Excerpt: Following last year’s bizarrely tone-deaf adaptation of Joyce Maynard’s ‘Labor Day,’ Reitman’s latest is a peculiarly alarmist ensemble piece about how, in spite of our copious technology, we’re all just so disconnected, man. When Reitman burst on the scene with ‘Thank You for Smoking’ back in 2005, he seemed bent on making another ‘Dr. Strangelove’; based on his new picture, he’s apparently spent those years harboring the desire to make another ‘Crash.’
Excerpt: I didn’t like this movie when it was called “Disconnect,” and cowriter/director Jason Reitman’s (“Juno,” “Labor Day”) adaptation of Chad Kultgen’s novel lays on pretension masquerading as deep thought for an even less convincing mix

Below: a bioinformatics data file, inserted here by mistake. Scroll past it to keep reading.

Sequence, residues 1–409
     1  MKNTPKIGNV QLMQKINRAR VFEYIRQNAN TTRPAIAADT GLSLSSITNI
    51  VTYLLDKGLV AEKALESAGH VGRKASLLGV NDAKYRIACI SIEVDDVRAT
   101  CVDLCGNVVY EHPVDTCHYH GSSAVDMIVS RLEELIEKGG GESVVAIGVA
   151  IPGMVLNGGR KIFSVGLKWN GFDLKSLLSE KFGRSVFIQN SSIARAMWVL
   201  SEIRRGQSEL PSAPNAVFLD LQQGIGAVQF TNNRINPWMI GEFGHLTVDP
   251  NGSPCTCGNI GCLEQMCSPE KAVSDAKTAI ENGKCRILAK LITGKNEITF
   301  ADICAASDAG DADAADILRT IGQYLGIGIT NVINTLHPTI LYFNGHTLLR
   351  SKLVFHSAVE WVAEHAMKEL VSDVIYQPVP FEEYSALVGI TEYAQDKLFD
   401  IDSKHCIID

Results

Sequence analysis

Excerpt: Future Reitman analysts will have his early period to begin their dissections and then will move on to his films which feel aimed at his neighborhood Rotary Club, which feels like the only demographic Reitman will end up scaring here.
Excerpt: Critically, “Labor Day” was unfairly mocked because it was filmmaker Reitman in a different, more earnest mode, many claiming that he was losing his way and his spiky edge. Correction: “Men, Women & Children” is his first miscalculation.
Excerpt: Given the fact that Men, Women & Children has a kind of a forest-for-the-trees thing happening, it’s not surprising that some details are lost in the earnest pursuit of so many others. The problem that co-writer and director Jason Reitman has, though, isn’t that he can’t see the forest, it’s that he thinks he does, and he ignores the good trees within it by trying to have it all